Note: This post is in error, I've put up a corrected version of it here. I'm leaving the text in place, as historical record. The source of the error is that I set Pa(S)=Pe(D) and then differentiated with respect to Pa(S), while I should have differentiated first and then set the two values to be the same.
Nate Soares and Ben Levinstein have a new paper out on "Functional Decision theory", the most recent development of UDT and TDT.
It's good. Go read it.
This post is about further analysing the "Death in Damascus" problem, and to show that Joyce's "equilibrium" version of CDT (causal decision theory) is in a certain sense intermediate between CDT and FDT. If eCDT is this equilibrium theory, then it can deal with a certain class of predictors, which I'll call distribution predictors.
Death in Damascus
In the original Death in Damascus problem, Death is a perfect predictor. It finds you in Damascus, and says that it's already planned it's trip for tomorrow - and it'll be in the same place you will be.
You value surviving at $1000, and can flee to Aleppo for $1.
Classical CDT will put some prior P over Death being in Damascus (D) or Aleppo (A) tomorrow. And then, if P(A)>999/2000, you should stay (S) in Damascus, while if P(A)<999/2000, you should flee (F) to Aleppo.
FDT estimates that Death will be wherever you will, and thus there's no point in F, as that will just cost you $1 for no reason.
But it's interesting what eCDT produces. This decision theory requires that Pe (the equilibrium probability of A and D) be consistent with the action distribution that eCDT computes. Let Pa(S) be the action probability of S. Since Death knows what you will do, Pa(S)=Pe(D).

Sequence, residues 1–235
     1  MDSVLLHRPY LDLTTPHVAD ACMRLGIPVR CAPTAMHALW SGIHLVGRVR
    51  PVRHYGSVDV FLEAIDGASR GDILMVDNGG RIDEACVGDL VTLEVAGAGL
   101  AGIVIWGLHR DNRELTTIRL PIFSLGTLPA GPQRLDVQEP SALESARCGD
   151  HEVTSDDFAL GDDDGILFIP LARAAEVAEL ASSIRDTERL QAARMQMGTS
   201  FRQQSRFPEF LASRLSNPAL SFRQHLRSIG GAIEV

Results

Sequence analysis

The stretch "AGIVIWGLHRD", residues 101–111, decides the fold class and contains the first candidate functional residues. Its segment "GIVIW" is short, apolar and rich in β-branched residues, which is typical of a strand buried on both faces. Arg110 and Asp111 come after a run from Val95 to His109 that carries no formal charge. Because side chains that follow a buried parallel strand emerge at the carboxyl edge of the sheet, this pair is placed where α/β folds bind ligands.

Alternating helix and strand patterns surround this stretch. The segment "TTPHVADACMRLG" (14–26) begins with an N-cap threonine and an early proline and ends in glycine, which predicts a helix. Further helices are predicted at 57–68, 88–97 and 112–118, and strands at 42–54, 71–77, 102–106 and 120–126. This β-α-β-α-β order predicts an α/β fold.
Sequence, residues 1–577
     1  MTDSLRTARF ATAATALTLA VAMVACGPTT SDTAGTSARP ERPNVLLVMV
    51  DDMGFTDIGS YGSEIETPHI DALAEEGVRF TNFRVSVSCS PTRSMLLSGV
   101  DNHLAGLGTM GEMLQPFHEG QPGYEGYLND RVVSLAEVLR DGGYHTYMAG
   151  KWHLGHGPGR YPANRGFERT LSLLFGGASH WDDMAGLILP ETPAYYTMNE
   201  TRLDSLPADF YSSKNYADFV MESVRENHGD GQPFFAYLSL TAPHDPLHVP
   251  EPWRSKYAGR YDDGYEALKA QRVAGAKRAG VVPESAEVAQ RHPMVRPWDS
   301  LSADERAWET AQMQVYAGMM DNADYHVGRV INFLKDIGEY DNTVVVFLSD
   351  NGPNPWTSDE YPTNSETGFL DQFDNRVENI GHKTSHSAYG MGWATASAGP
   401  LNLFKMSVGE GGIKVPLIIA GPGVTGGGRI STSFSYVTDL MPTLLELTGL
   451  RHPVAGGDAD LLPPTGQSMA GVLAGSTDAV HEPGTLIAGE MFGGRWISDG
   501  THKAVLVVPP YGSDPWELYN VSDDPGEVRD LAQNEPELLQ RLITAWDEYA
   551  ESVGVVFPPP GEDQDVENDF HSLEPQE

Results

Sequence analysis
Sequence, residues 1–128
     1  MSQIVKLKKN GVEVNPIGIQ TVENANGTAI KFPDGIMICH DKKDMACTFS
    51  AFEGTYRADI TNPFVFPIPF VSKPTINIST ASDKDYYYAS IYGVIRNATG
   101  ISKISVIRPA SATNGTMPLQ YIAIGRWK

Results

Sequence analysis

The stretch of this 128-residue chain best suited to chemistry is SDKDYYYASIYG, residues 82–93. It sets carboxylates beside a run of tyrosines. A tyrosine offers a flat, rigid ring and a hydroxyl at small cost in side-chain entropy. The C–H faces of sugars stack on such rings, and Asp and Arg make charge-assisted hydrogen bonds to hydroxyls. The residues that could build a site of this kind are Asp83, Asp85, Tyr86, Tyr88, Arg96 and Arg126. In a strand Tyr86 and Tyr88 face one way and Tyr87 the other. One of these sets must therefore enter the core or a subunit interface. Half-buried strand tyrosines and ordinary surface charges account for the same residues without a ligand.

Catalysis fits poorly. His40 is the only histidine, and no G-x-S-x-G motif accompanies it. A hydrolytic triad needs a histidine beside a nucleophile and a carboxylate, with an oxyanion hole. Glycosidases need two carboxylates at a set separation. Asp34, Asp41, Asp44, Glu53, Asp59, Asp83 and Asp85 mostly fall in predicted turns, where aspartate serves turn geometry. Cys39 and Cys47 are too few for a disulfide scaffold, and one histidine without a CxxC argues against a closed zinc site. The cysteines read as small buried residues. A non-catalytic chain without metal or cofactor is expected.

The expected utility is 1000.Pa(S)Pe(A)+1000.Pa(F)Pe(D)-Pa(F). At equilibrium, this is 2000.Pe(A)(1-Pe(A))-Pe(A). And that quantity is maximised when Pe(A)=1999/4000 (and thus the probability of you fleeing is also 1999/4000).
This is still the wrong decision, as paying the extra $1 is pointless, even if it's not a certainty to do so.
So far, nothing interesting: both CDT and eCDT fail. But consider the next example, on which eCDT does not fail.
Statistical Death in Damascus
Let's assume now that Death has an assistant, Statistical Death, that is not a prefect predictor, but is a perfect distribution predictor. It can predict the distribution of your actions, but not your actual decision. Essentially, you have access to a source of true randomness that it cannot predict.
It informs you that its probability over whether to be in Damascus or Aleppo will follow exactly the same distribution as yours.
Classical CDT follows the same reasoning as before. As does eCDT, since Pa(S)=Pe(D), as before, since Statistical Death follows the same distribution as you do.
But what about FDT? Well, note that FDT will reach the same conclusion as eCDT. This is because 1000.Pa(S)Pe(A)+1000.Pa(F)Pe(D)-Pa(F) is the correct expected utility, the Pa(S)=Pe(D) assumption is correct for Statistical Death, and (S,F) is independent of (A,D) once the action probabilities have been fixed.
So on the Statistical Death problem, eCDT and FDT say the same thing.
Factored joint distribution versus full joint distributions
What's happening is that there is a joint distribution over (S,F) (your actions) and (D,A) (Death's actions). FDT is capable of reasoning over all types of joint distributions, and fully assessing how its choice of Pa acausally affects Death's choice of Pe.
But eCDT is only capable of reasoning over ones where the joint distribution factors into a distribution over (S,F) times a distribution over (D,A). Within the confines of that limitation, it is capable of (acausally) changing Pe via its choice of Pa.
Death in Damascus does not factor into two distributions, so eCDT fails on it. Statistical Death in Damascus does so factor, so eCDT succeeds on it. Thus eCDT seems to be best conceived of as a version of FDT that is strangely limited in terms of which joint distributions its allowed to consider.